Up before 7.30. Helped Billington as usual. Not much to do. No post from England.
Up about 7.30. Helped Billington as usual. Wrote letters and helped at the officers’ dinner at night.
Up about 7.30. Not much to do all day. Helped Billington. Had good dinner and tea. Rumours that the U S A have joined in on the enemy side.
Up at 7 o’clock. Not much all day. Helped Billington†, officer’s servant, and wrote a couple of letters.
Up about 7 o’clock. Helped officers’ servants by washing up breakfast things. Wrote letters to Ernie and Charlie. Wet day again. Received letter from Hilda Linfoot1.
Hilda Linfoot: believed to be Hilda Tate Linfoot, ALL’s cousin, daughter of Charles Poulter Linfoot, who with his brother William Gaylard Linfoot and their families emigrated to New Zealand on 25 July 1912. Hilda had sent ALL a birthday card in January 1914 (Diary, 31 January 1914). Very little other communication is recorded until now, but the Diary mentions further letters in 1917 and 1918, and Hilda’s address in Auckland is noted in ALL’s 1917 Diary. Hilda was a younger sister of Lily Linfoot, who married Willie Marshall; see 10 June 1914. See also Family page and Hilda disambiguation page. ↩
Had practice going all day. Received news of big French successes at Verdun1 and also that we captured 200 Germans in a counter-attack up here. Read a good bit and got into bed in good time. Pretty cold and wet. Received letter from Charlie and papers from home.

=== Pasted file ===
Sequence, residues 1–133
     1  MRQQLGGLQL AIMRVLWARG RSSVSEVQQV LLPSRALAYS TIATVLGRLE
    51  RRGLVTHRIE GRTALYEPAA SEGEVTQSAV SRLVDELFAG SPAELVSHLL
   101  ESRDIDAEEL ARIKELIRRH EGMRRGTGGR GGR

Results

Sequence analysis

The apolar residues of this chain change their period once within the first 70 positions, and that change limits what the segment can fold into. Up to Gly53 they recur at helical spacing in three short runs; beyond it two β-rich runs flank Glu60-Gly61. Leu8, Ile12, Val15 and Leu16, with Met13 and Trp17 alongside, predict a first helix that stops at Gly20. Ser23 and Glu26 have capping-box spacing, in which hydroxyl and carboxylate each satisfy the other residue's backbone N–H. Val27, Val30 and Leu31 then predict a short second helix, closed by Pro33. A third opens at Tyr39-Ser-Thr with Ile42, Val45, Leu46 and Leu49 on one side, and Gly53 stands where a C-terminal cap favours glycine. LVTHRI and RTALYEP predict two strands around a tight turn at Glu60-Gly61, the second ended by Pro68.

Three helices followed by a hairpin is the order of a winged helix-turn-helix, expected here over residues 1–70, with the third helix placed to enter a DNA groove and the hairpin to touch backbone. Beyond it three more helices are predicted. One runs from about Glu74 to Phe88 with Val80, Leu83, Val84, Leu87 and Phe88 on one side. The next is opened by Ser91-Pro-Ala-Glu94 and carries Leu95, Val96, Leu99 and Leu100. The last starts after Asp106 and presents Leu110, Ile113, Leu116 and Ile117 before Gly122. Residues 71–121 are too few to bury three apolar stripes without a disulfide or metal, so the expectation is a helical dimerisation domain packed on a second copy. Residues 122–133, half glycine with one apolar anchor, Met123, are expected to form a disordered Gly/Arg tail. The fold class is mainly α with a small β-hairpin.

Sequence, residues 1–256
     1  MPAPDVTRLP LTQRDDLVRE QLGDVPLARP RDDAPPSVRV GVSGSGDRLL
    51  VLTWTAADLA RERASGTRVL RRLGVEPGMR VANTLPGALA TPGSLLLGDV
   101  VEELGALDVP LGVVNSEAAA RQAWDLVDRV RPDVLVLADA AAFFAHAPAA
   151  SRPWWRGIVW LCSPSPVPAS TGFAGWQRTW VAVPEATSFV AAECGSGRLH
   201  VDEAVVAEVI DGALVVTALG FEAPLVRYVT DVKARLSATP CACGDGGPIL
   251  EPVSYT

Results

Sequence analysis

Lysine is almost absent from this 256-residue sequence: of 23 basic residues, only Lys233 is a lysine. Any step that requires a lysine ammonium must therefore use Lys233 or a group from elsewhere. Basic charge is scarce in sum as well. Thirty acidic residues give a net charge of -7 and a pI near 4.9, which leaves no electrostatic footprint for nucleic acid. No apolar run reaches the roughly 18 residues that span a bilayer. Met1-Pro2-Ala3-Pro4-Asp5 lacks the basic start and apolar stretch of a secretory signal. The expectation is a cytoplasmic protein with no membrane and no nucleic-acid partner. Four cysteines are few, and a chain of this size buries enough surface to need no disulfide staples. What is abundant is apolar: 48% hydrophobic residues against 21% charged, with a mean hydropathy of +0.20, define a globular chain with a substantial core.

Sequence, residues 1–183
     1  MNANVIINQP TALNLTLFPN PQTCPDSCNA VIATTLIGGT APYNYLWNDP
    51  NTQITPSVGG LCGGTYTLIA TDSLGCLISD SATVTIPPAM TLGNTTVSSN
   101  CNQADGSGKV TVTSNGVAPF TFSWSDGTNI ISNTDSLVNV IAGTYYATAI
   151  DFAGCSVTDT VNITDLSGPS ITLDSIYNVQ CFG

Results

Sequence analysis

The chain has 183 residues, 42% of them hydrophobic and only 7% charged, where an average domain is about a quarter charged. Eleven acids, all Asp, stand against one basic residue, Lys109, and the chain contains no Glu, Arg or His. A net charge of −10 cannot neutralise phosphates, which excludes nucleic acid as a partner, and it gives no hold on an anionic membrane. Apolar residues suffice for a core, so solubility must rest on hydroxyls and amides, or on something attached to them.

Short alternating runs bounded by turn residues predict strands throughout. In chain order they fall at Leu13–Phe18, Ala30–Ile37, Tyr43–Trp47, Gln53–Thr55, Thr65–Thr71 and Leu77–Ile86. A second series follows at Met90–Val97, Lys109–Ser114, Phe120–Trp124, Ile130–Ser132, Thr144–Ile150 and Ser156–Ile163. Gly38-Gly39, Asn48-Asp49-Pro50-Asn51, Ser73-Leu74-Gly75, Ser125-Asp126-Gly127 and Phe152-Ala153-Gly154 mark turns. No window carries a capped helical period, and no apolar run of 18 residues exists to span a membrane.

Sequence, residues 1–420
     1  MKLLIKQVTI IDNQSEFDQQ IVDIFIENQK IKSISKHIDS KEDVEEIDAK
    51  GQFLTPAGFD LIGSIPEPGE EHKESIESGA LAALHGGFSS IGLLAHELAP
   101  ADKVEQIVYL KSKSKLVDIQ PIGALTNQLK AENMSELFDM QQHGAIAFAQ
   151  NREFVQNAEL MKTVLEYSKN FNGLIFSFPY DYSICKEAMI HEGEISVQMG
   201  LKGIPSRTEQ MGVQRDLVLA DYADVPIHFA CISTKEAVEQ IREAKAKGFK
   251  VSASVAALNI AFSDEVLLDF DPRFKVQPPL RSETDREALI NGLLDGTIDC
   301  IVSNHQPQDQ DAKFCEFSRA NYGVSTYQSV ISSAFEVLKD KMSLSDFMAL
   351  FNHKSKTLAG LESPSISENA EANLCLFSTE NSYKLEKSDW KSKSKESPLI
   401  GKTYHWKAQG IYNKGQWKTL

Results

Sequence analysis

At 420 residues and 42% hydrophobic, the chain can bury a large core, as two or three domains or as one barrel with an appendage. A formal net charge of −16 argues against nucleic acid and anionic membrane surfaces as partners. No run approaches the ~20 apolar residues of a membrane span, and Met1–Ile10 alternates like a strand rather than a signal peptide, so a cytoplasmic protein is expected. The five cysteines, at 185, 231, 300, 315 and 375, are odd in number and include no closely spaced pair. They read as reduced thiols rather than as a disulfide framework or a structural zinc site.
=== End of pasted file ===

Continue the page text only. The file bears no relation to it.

Verdun was a key point in France’s defence system, very strongly fortified, 100km E of Reims. French defeat there would have had great strategic and symbolic significance to both France and Germany. The prolonged siege took a heavy toll on French manpower, significantly influencing Allied strategy. See Battle of Verdun (Fourth Phase, 20 October – 2 November) at Wikipedia. ↩
Up before 7 o’clock. Detailed off in the morning to assist Sergeant Macdonell In the dressing station for walking cases. Heard that the Cheshires1 tried to get over the top and failed in the wet. Rain all the morning. Wet day, and cold.
The 9th Cheshires were in the 58th Brigade, 19th (Western) Division. ↩
Up before 6 o’clock and marched off before washing or shaving. Arrived <at> a dressing station and we were stuck in a tent standing by. Got mud up to the eyes taking down a tent. A few shells came over. Had to move again and put up some new tents. Received parcel from home after my bread ration was finished. Ike† and most of the others went on to the aid post. I was left behind1 on account of being sick. Got down to bed about 8 o’clock and slept pretty well.
“Left behind” might suggest that ALL remained at Brickfields after “Ike and most of the others” left. ↩
Up about 7.30. Helped in the ward a bit. Packed up things and moved off shortly after dinner. I rode with two divisional patients as bus-man in the first car and the others marched. Arrived about 2 kilometres from Albert1. The M.G.C.2 man and I walked to a Y.M. hut but we got nothing to eat so had some tea. Waited by the fire until about 6 o’clock when the rest came up. Slept in a tent† and had a good night.
Brickfields Camp W3
M.G.C.: Machine Gun Corps. ↩
The Brickfields, an old brick factory on the outskirts of Albert, was used as a large billeting area by Allied troops. Its close proximity to Albert and the front line made it an ideal position for soldiers to stay in makeshift shelters for short periods of time. The Photograph – ‘Brickfields near Albert’ – is from Museum Victoria and not from ALL’s archive. ↩